5. John Lee Hooker – The Legendary Modern Recordings 1948-1954 (Flair Records, 1993)
Released in 1993, The Legendary Modern Recordings 1948-1954 is a 24-track compilation of John Lee Hooker’s early recordings. It contains three of his biggest early hits, “Boogie Chillen”, “I’m In The Mood” and “Crawling King Snake”. These are the recordings that established John Lee Hooker as one of the greatest blues singers and guitarists of all time. John Lee Hooker (August 22, 1917 – June 21, 2001) was born in Mississippi, the son of a sharecropper. He became famous playing an electric-guitar adaptation of Delta blues, adding other elements as talking blues and North Mississippi Hill country blues, and developed his own driving-rhythm boogie style, different from the piano-derived boogie-woogie style.
4. B. B. King – Live At The Regal (ABC Records, 1965)
Released in 1965, Live At The Regal is a live album by legendary American blues guitarist and singer B. B. King. The album, recorded on November 21, 1964 at the Regal Theater in Chicago, is regarded as one of the greatest blues albums of all time. AllMusic called the album “a textbook example of how to set up a live performance” and B. B. King’s guitar playing as “among the best in his long career”. Rolling Stone magazine called Live At The Regal “B. B. King’s definitive live set. His guitar sound is precise and powerful, driving emotional versions of his most influential songs, Every Day I Have The Blues, and How Blue Can You Get”. The album is ranked number 141 on Rolling Stone’s list of 500 greatest albums of all time.
3. Junior Wells’ Chicago Blues Band – Hoodoo Man Blues (Delmark Records, 1965)
Released in 1965, Hoodoo Man Blues is the debut studio album by American blues vocalist and harmonica player Junior Wells, supported by the Junior Wells’ Chicago Blues Band. The album was a great commercial and critical success, and today it is considered one of the greatest blues albums ever recorded, being included for preservation by the National Recording Registry. Bill Dahl of AllMusic called Hoodoo Man Blues “the first to fully document, in the superior acoustics of a recording studio, the smoky ambience of a night at a West Side nightspot.” Junior Wells along with guitarist Buddy Guy, bassist Jack Myers, and drummer Billy Warren recorded one of the essential albums for the electric Chicago blues fans.
2. Magic Sam Blues Band – West Side Soul (Delmark Records, 1967)
Released in 1967, West Side Soul is the debut studio album by American Chicago blues musician Magic Sam. The album is considered one of the greatest blues albums of all time, the model for most modern electric blues. Born in Grenada, Mississippi, Samuel “Magic Sam” Gene Maghett (February 14, 1937 – December 1, 1969) was an amazing bluesman, known for his distinctive tremolo-guitar playing, his impassionated vocals, and his songwriting. On West Side Soul he showcased all of his talents producing a timeless masterpiece. AllMusic called the music on the LP “alive, vibrant and vital – nothing sounds as tortured as “I Need You So Bad”, no boogie is as infectious as “Mama, Mama Talk To Your Daughter”, no blues as haunting as “All Of Your Love”. West Side Soul is an essential record in blues history, by one of blues music’s greatest guitarists and vocalists.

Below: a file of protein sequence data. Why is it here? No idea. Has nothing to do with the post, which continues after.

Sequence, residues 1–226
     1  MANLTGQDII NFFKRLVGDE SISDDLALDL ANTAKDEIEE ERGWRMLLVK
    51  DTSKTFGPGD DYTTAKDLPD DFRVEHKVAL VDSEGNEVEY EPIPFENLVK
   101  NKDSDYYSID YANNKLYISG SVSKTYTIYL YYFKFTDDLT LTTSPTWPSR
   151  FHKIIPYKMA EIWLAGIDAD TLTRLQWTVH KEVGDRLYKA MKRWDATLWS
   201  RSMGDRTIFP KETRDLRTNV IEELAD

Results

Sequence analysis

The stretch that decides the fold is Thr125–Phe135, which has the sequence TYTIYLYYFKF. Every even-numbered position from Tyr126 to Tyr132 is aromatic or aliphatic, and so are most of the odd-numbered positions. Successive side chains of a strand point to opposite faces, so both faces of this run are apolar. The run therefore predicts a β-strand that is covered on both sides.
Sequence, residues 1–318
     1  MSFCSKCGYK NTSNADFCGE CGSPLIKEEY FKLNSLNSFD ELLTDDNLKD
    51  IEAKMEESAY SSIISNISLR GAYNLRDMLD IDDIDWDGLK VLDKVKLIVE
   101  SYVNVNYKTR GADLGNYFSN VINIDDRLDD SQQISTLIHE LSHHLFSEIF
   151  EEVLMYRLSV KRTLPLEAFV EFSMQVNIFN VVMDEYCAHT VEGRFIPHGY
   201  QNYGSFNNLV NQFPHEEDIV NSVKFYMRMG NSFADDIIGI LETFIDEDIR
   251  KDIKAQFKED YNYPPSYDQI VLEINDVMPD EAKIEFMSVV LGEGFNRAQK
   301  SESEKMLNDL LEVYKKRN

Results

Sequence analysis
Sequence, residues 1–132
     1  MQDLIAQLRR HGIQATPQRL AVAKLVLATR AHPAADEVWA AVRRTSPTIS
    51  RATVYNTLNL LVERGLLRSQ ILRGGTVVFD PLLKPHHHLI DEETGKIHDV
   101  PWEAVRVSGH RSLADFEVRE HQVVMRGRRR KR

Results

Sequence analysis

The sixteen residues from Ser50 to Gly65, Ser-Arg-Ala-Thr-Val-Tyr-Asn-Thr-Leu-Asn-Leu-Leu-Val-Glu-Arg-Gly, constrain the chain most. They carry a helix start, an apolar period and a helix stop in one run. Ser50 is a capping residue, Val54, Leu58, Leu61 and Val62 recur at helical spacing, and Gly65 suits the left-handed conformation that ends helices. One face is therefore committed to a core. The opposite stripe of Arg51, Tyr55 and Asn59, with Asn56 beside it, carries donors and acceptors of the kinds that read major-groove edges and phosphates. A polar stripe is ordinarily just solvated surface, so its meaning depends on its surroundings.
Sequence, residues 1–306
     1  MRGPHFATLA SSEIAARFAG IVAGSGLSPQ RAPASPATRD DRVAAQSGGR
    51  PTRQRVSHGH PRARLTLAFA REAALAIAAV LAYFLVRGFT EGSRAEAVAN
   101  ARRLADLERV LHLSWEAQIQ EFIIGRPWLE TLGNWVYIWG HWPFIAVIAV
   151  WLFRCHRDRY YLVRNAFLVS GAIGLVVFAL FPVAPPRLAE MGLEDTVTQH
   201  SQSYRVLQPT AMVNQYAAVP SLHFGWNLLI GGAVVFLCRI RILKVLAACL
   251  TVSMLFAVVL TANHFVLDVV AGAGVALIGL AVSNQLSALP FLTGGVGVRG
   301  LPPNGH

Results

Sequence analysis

1. Robert Johnson – King Of The Delta Blues Singers (Columbia Records, 1961)
Released in 1961, King Of The Delta Blues Singers is a compilation album by American blues musician Robert Johnson. The LP is considered one of the greatest and most influential blues albums ever recorded. The album contains 16 mono tracks, originally recorded in November 1936, in San Antonio, Texas, and June 1937, in Dallas, Texas. In 1961, when the album was released Robert Johnson was mostly a rumor, very little was known about his life, except to a small group of collectors, and those who purchased the original 78s recordings. Robert Leroy Johnson was born on May 8, 1911, in Hazlehurst, Mississippi, and died on August 16, 1938, in Greenwood, Mississippi. Johnson’s poorly documented life, and death at age 27, have given way to much legend, including the myth that he sold his soul to the devil at a crossroads to achieve success. Playing mostly on street corners, Saturday night dances, or in juke joints Johnson had little commercial success in his lifetime. After the release of King Of The Delta Blues Singers, he became recognized as a master of the blues, especially the Mississippi Delta blues style. The Los Angeles Times wrote that the album “revolutionized the Mississippi Delta style that became the foundation of the Chicago blues sound.” Bob Dylan, who had never heard of Johnson before King Of The Delta Blues Singers, was fascinated by the intensity of the recordings, while Eric Clapton cited the LP as an early inspiration on his career, and called Robert Johnson “the most important blues singer that ever lived”. King Of The Delta Blues Singers was ranked number 27 on Rolling Stone magazine’s list of the 500 greatest albums of all time, while Robert Johnson was ranked fifth in Rolling Stone’s list of the 100 greatest guitarists of all time.